Wednesday, January 16, 2013

Indian Guinea Pigs: Starve Them To Control Inflation
Yes, this seems to be the logic of the Governor of RBI, to keep on harping on inflation, the every other day, to justify his stand on a status--quo on repo rate cut. He has no thought of how the loans are getting nonviable for companies, who are not able to pay them. 
Now, many of the policies of inflation control that we nowadays use routinely are direct outcomes of the research and contemplation of economists of earlier years. However, the lamenting point is that, off-late, these are applied by every body, starting from the eminent economists to chartists to men on the streets, to even "Paanwala" ("Array sahab RBI bechara,  bhi kya kare, Kambhakt inflation niche utarne ka naam bhi nahi le raha hai") or may be my "Rickshawala" ("Sahab Mehengai ki wajeh se hi sab problem  hai. Ekbar unko niche aane do, hum sab market se khub kamayenge. Mera bhi Demat Account  hai na!! Kya saab aap bhi sab cheez ko mazak samajte ho"....LOL) like a steroids---many a times without understanding that all these policies  have limited applicability, in a given circumstance, as the price of a commodity is determined by a string of complex events, whose co-efficients change every second. Moreover like, specific plants and animals grow well in specific environments, in economics too there are peculiarities, associated with particular regions and hence economic parameters vary for nations at different stages of development. It is therefore imperative to do fundamental research on inflation, before applying, stereotyped policies, especially when the guinea pig is India, an emerging economy in Asia.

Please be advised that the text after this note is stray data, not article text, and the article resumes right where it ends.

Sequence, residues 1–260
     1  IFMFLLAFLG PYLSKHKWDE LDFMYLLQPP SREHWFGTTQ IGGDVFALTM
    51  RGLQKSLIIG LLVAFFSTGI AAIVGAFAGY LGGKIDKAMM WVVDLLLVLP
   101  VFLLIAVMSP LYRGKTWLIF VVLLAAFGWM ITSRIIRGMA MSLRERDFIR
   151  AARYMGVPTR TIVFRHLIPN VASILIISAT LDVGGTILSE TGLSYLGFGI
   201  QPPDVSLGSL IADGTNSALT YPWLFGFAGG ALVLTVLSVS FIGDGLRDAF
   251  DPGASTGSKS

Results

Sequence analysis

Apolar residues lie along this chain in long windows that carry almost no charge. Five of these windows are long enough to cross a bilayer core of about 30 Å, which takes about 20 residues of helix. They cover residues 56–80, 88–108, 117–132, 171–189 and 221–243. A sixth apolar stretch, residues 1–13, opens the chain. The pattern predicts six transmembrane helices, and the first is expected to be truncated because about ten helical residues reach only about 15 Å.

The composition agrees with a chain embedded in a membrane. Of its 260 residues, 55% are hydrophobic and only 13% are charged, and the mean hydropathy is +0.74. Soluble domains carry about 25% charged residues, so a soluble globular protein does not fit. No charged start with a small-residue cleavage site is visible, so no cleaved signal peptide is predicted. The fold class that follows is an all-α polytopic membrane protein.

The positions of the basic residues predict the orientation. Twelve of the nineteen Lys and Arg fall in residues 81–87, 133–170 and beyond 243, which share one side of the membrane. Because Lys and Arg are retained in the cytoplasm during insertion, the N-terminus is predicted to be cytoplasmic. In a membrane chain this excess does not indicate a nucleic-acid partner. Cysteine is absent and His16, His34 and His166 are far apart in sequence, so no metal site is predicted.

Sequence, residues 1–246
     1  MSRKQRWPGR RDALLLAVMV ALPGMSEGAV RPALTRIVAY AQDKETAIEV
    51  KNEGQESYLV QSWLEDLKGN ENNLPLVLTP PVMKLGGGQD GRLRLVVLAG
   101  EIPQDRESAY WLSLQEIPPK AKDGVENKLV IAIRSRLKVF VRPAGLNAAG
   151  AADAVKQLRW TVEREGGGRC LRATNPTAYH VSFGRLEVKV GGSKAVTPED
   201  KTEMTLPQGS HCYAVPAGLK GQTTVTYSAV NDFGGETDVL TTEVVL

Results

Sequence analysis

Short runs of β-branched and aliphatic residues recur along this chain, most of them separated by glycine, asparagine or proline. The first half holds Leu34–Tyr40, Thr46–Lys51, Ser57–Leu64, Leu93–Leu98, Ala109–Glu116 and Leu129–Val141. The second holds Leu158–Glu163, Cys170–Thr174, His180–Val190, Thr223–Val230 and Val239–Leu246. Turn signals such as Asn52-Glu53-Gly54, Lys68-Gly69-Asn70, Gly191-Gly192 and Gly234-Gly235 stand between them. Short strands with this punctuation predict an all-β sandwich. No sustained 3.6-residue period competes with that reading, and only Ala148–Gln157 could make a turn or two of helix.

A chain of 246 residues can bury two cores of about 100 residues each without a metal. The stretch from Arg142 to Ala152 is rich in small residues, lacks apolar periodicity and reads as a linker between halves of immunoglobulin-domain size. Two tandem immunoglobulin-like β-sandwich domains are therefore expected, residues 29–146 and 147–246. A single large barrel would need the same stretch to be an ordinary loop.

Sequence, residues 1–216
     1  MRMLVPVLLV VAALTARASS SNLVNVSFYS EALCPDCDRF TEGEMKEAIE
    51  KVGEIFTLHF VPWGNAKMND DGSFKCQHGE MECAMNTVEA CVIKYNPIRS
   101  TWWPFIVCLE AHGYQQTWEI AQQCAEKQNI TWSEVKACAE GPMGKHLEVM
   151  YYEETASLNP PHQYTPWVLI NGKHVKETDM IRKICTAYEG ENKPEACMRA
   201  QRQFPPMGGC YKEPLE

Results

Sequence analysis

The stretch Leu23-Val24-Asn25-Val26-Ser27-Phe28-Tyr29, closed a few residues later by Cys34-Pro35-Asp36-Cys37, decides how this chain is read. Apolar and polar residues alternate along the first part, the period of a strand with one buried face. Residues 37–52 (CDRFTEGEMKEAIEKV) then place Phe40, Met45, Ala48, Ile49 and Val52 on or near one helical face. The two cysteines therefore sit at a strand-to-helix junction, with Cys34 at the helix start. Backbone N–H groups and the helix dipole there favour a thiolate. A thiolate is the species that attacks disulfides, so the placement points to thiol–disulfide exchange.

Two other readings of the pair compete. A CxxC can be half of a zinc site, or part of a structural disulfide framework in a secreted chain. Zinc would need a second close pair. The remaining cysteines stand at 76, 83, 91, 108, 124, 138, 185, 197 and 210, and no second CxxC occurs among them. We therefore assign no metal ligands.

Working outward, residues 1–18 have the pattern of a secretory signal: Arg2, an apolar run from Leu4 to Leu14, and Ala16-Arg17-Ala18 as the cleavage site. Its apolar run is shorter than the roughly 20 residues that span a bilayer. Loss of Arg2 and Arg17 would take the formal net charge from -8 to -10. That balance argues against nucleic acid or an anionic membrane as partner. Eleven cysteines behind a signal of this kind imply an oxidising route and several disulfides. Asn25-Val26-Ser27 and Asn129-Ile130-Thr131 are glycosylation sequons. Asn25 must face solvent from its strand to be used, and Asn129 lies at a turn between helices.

Now, drilling the history of inflation a bit we find that it jumped to trillion percent, in Hungary in 1946 and Germany in 1923, but still the countries survived. In independent India highest inflation happened in September 1974, when we had tasted it to be 33.3%. One of the worst inflationary trend was seen from November 1973 to December 1974, when inflation never dropped below 20% and was above 30% for four consecutive months starting June 1974. Indian survived and Indians are making a name in every field of interest. 
But alas!! Now we Indians become too much finicky when the WPI inflation is only around 7--7.5%. This is because most our vocal younger generation have not seen hyper--inflation or galloping inflation and are more governed by some fixed notions, without going deep into the subject. Today, we have become more or less like ATM machines---just press the button and the result should come. Yes, even our modern housewives I heard, like husbands who are like ATM machines. 
Now coming back  to inflation again, I would like to say that we are nowhere near hyperinflation—usually described as inflation over 50% per month (Cagan, 1956). The world’s steepest inflations occurred in Europe, once around 1923 and again around 1946.
Now  switching back to India again, we must take into notice that a major portion in CPI, consists of the food items. Or food articles have a higher weight in the consumer price index (CPI, base 2010) than the wholesale price index (WPI, base 2004-05). Consumer price food inflation rose to 13.04 % in December from 11.81 % in the previous month. Food inflation was in double digits in the WPI as well at 11.16 %, compared to 8.5 % in the previous month. Hence, this time too, RBI's policy of keeping higher interest rate has failed to damp the prices. However, I feel we will not be able to justify that if the rates were made low, then suddenly all Indians would have started eating more and become glutton, giving rise to more food inflation; which many of our theoretical economists would like us to believe. The behavioural pattern of any person, does not change overnight.